A six-month amnesty offered by Algeria to Islamic militants on condition of surrender expires on Monday.
Amnesty was extended to jailed suspects as well as those at large
There have been calls for an extension since fewer than 300 have come forward.
Militants have been promised immunity from prosecution provided they have not been involved in serious crimes such as massacres, rapes and bombings.
A decision on an extension rests with President Abdelaziz Bouteflika, who is expected to rule after studying a report on the outcome of the offer.
Prime Minister Abdelaziz Belkhadem from the National Liberation Front, the main party in the governing coalition, says militants should be given more time.
But an Islamist group in the coalition, the Movement of a Peaceful Society (MSP), said it was important to respect deadlines laid down in the charter.
The group added that ending the amnesty "does not mean that we will shut the doors in the face of those who want to surrender," the AFP news agency reported.
The amnesty was among the measures set down in a peace and reconciliation charter approved in a national referendum last September, as part of efforts to end almost 15 years of political violence in Algeria.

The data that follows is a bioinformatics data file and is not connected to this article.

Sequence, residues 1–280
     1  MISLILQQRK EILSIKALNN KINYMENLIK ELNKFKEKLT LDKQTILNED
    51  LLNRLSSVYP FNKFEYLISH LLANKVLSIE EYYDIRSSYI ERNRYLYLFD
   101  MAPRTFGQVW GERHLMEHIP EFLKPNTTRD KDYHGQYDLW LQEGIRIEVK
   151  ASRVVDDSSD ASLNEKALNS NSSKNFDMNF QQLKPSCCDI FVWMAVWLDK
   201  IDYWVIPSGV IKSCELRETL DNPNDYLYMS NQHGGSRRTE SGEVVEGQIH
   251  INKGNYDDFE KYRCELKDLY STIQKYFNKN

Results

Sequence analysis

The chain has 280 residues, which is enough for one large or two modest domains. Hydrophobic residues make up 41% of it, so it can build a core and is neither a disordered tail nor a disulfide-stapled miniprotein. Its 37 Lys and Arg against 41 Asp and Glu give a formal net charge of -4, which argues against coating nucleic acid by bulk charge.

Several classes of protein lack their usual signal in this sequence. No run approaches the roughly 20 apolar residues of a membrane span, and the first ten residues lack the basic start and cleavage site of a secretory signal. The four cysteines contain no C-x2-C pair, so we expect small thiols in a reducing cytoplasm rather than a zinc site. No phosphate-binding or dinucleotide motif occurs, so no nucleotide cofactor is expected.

It came into effect in February after being approved in a referendum last year, and allowed the release of suspected militants from jail as well as amnesty for those at large who surrendered.
The amnesty has been criticised in some quarters for granting the military immunity from prosecution.
It has also been rejected by the Salafist Group for Fighting and Preaching (GSPC) - the only militant group which remains active, though its capacity is limited.
The amnesty is the second since President Abdelaziz Bouteflika took office seven years ago.
He says it will help heal Algeria's wounds after years of a brutal and bloody conflict.
The conflict erupted in 1992 after the authorities annulled a general election.